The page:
Quantcast

Greenpeace Activists Charged With Piracy, Fossil Fuel Industry Desperate As Ever

Insights + Opinion

Phil Radford

The fossil fuel industry is desperate. They're searching the earth for more and more extreme forms of energy, hoping to get the last of the oil, coal and gas out of the ground before it's all gone.

With this extreme desperation for fossil fuels comes extreme behavior. Russian oil giant Gazprom is trying to get the last of the oil and gas out of the Russian Arctic, an extreme endeavor likely to cause massive disruption to that delicate ecosystem, in addition to fueling catastrophic climate change.

Russian security services seize the ship at gunpoint following a Greenpeace International peacefull protest against Arctic oil drilling. Photo taken with a camera phone, Sept. 19.

And when Greenpeace activists tried to peacefully demonstrate against this oil giant, these terrifying photos show how the Russian military responded.

With guns, knives and extreme, disproportionate intimidation. And now, today, after the Arctic 30 have been detained for days without charges, we've finally learned that the Russian government has the audacity to charge five of the Arctic 30 with piracy. Look at those photos. Who do you think the pirates are?

Russian security services abseiling from a helicopter onto the deck of the Arctic Sunrise, Sept. 19.

As Kumi Naidoo of Greenpeace International says, this is now the most serious threat to Greenpeace's peaceful environmental activism since agents of the French secret service bombed the Rainbow Warrior and killed our colleague Fernando Pereira because we stood against French nuclear weapons testing in the Pacific. Three decades later the activists of the Arctic Sunrise, including American ship captain Peter Willcox, also took a stand, this time against the powerful vested interests of the oil industry. And they could now face the prospect of up to fifteen years in a Russian jail.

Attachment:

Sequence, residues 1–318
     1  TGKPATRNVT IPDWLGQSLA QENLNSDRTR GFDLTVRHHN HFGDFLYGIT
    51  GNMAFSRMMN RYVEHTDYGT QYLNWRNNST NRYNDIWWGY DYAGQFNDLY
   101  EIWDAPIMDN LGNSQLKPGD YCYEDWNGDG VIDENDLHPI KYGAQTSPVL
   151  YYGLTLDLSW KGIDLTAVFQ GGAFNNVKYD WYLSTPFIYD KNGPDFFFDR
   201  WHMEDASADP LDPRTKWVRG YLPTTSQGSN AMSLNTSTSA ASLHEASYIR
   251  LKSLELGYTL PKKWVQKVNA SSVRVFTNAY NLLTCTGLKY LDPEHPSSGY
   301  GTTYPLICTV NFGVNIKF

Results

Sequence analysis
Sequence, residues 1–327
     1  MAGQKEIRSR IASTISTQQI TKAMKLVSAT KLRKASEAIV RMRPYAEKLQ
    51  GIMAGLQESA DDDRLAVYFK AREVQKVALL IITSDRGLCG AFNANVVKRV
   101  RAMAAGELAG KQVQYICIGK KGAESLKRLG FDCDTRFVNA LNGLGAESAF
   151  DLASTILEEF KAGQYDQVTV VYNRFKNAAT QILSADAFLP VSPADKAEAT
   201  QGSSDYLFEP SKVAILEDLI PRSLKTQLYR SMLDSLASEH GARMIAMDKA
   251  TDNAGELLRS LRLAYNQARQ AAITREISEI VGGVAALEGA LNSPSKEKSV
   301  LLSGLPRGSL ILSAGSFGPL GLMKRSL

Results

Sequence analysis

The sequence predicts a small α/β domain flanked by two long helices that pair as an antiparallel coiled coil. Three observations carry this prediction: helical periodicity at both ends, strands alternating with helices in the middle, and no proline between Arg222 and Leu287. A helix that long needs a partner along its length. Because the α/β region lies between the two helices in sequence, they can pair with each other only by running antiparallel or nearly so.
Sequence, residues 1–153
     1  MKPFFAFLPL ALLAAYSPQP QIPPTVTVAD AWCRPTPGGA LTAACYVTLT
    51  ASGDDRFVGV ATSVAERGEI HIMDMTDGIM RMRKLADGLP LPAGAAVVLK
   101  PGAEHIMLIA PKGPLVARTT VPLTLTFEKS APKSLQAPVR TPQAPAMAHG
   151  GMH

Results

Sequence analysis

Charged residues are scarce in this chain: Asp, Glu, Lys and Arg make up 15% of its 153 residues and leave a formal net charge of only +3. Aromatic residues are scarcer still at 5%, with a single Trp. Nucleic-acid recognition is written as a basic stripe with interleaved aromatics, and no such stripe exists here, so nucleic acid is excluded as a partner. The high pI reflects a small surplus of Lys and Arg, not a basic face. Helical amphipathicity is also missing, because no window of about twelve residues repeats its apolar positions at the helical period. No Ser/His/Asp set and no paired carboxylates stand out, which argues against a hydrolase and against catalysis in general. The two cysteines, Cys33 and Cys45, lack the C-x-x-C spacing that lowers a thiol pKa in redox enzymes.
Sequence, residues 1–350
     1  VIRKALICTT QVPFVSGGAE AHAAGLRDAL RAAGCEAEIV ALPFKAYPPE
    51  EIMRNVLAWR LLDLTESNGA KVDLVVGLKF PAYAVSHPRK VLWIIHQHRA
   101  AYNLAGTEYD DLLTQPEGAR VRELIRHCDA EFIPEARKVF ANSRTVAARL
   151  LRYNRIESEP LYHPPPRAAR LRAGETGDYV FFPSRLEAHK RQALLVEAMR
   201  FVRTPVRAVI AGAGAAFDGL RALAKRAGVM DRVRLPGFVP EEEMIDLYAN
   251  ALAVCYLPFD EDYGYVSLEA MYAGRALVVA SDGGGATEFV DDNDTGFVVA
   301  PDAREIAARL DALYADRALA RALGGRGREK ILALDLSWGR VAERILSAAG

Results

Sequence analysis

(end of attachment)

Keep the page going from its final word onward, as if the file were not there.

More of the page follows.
Russian security services abseiling from a helicopter onto the deck of the Arctic Sunrise and seizing the ship at gunpoint following a Greenpeace International peaceful protest against Arctic drilling.

I call on people from across the world, anybody who ever raised their voice in support of something they believe in to stand with us at this moment demand the release of the Arctic 30 and an end to Arctic drilling.

Visit EcoWatch’s OFFSHORE OIL DRILLING page for more related news on this topic.

——–

EcoWatch Daily Newsletter

The staircase to a subway station in SOHO with a temporary closure, flood control installation sign. Jeffrey Greenberg / Universal Images Group / Getty Images

The Metropolitan Transit Authority in New York City tested out a new system designed to protect its subways stations from flooding when another super storm hits, creating a bizarre sight on Wednesday, as The Verge reported.

Read More Show Less
Flat-lay of friends eating vegan and vegetarian Thanksgiving or Friendsgiving dinner with pumpkin pie, roasted vegetables, fruit and rose wine. Foxys_forest_manufacture / Royalty-free / iStock / Getty Images

Thanksgiving can be a tricky holiday if you're trying to avoid animal products — after all, its unofficial name is Turkey Day. But, as more and more studies show the impact of meat and dairy consumption on the Earth, preparing a vegan Thanksgiving is one way to show gratitude for this planet and all its biodiversity.

Read More Show Less
Sponsored
Residents wear masks for protection as smoke billows from stacks in a neighborhood next to a coal fired power plant on Nov. 26, 2015 in Shanxi, China. Kevin Frayer / Getty Images

While most of the world is reducing its dependence on coal-fired power because of the enormous amount of greenhouse gases associated with it, China raised its coal fired capacity over 2018 and half of 2019, according to a new study.

Read More Show Less
Children run on the Pacific Crest National Scenic Trail in California. Bureau of Land Management

By Matt Berger

It's not just kids in the United States.

Children worldwide aren't getting enough physical activity.

That's the main conclusion of a new World Health Organization (WHO) study released Wednesday.

Read More Show Less

By Tim Ruben Weimer

Tanja Diederen lives near Maastricht in the Netherlands. She has been suffering from Hidradenitis suppurativa for 30 years. Its a chronic skin disease in which the hair roots are inflamed under pain — often around the armpits and on the chest.

Read More Show Less